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Human-powered Electrical Generation
|General Overview||Converting a Bicycle to Generate Electricity||Converting a Treadmill to Generate Electricity|
Truly, much potential energy is wasted every day on so-called exercise or fitness machines. While some kinds of physical exercise in a gym or at home don't lend themselves well to electrical generation, two activities most certainly do. I am not the first to discover this, as other hobbyists have experimented with the ideas I'm about to speak of.
My interest in the subject of converting physical exercise into electricity came about because my wife engaged in a daily routine of pedaling a stationary bicycle and walking on a motorized treadmill. Now, I'm the sort of person who hates to see energy go to waste, so a number of years ago, following a lengthy power blackout, I explored the possibility of connecting some sort of generator to the exercise bike that could be used to charge a 12-Volt battery. The bicycle in question is a very old one with a chain-driven front wheel. Tension is applied to the large wheel by tightening a much smaller one against it, thus creating friction and making the bicycle harder to pedal. I began the transformation by replacing the original idler wheel, which was of a rather hard material, with one of a similar size that was made of soft rubber. Had an appropriate part not been available, I suppose I might have stretched a section cut from a bicycle inner tube over the hard wheel and superglued it in place. A soft surface was needed because I wanted to use the idler to drive the shaft of a small permanent magnet (PM) motor by friction against it. This motor was secured to the bicycle frame using some steel strapping and a couple of large U-bolts.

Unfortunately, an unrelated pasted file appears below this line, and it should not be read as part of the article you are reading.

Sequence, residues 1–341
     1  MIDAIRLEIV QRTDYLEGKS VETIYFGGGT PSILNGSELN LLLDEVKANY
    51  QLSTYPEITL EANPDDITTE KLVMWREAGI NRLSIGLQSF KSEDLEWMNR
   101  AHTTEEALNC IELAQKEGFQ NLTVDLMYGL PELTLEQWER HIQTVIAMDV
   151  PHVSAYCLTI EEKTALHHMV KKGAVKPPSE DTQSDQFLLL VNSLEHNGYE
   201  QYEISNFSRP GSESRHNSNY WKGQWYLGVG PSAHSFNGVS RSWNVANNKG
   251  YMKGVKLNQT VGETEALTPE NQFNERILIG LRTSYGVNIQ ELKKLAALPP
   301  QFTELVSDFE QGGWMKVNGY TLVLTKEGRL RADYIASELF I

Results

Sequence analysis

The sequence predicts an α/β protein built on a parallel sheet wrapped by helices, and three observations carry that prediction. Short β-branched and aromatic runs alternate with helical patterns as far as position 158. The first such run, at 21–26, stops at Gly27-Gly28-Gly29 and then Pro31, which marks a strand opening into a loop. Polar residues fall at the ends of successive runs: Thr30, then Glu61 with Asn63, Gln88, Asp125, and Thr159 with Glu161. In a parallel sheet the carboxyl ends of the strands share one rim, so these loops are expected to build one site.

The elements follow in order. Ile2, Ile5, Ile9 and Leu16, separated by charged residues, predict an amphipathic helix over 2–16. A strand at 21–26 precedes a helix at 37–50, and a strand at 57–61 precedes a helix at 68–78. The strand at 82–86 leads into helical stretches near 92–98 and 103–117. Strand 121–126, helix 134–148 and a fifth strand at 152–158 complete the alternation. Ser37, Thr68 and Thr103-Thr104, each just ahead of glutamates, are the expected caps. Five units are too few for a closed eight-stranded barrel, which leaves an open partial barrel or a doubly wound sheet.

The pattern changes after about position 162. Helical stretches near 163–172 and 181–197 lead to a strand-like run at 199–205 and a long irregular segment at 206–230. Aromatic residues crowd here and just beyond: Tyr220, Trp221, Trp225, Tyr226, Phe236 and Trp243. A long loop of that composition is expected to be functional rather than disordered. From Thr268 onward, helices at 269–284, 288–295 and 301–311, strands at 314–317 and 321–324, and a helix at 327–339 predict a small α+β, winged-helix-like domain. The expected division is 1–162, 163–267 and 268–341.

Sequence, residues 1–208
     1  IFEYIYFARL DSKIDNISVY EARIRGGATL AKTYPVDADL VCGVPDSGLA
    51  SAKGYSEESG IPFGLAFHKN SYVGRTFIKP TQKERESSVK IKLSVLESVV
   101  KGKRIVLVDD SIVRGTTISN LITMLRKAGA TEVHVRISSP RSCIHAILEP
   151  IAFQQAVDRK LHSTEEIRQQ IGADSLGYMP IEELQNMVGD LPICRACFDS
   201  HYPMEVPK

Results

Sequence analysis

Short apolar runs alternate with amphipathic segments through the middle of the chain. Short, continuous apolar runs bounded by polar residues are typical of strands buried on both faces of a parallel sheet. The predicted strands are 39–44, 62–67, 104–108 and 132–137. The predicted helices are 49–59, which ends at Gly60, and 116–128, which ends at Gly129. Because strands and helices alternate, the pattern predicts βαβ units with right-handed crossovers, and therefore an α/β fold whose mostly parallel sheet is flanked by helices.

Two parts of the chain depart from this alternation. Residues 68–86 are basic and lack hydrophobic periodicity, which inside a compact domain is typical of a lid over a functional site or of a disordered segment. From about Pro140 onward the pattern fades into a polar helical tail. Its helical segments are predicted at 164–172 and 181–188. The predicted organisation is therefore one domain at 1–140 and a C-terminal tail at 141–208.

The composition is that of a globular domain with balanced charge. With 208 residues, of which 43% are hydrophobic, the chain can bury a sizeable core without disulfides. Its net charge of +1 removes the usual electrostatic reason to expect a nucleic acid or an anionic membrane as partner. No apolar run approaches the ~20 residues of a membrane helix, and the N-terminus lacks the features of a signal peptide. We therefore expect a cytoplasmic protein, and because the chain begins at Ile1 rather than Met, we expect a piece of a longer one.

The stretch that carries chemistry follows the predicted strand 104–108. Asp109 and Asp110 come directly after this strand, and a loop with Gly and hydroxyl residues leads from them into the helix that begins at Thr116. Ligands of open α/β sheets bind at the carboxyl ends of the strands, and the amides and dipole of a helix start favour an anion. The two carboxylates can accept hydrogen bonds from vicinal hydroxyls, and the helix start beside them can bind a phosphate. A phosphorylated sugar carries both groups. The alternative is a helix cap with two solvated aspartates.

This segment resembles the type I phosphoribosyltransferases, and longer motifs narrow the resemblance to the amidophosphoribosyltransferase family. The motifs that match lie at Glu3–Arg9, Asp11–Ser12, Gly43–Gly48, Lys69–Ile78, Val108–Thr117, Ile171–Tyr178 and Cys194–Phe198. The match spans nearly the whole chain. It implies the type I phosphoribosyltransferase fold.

Although we generally don't think of motors as being generators of electricity, this particular type of motor lends itself well to the application. A DC (direct current) PM motor contains permanent magnets inside that create a field through which one or more coils of wire are rotated on an armature. This motion creates an electrical current in the coils, which is generally brought to wires outside via a pair of carbon brushes that make contact with copper segments on the commutator at the rear of the armature as it rotates. Most motors that operate from AC (alternating current) do not contain magnets and are thus not particularly useful as generators. At any rate, the setup I describe worked reasonably well until the foam that was helping to push the brushes against the commutator deteriorated and the contact became intermittant with a resulting loss of current, especially at high RPMs. I eventually replaced the motor-generator with a 3-phase AC alternator I modified out of a servo-motor scavenged from a broadcast-type 3/4-inch videocassette recorder. This interesting device contained three rotating magnets and three stationary coils, thus eliminating the need for any potentially troublesome slip rings or brushes in order to bring the electricity to the outside. Since the current induced into each of the coils was alternating in polarity and 120 degrees out of phase with its mates, I had to install a diode in series with each to rectify the output prior to connecting the three of them together. This setup is still in use and will produce several Amps of current at a nominal 14 Volts with a moderate pedal speed.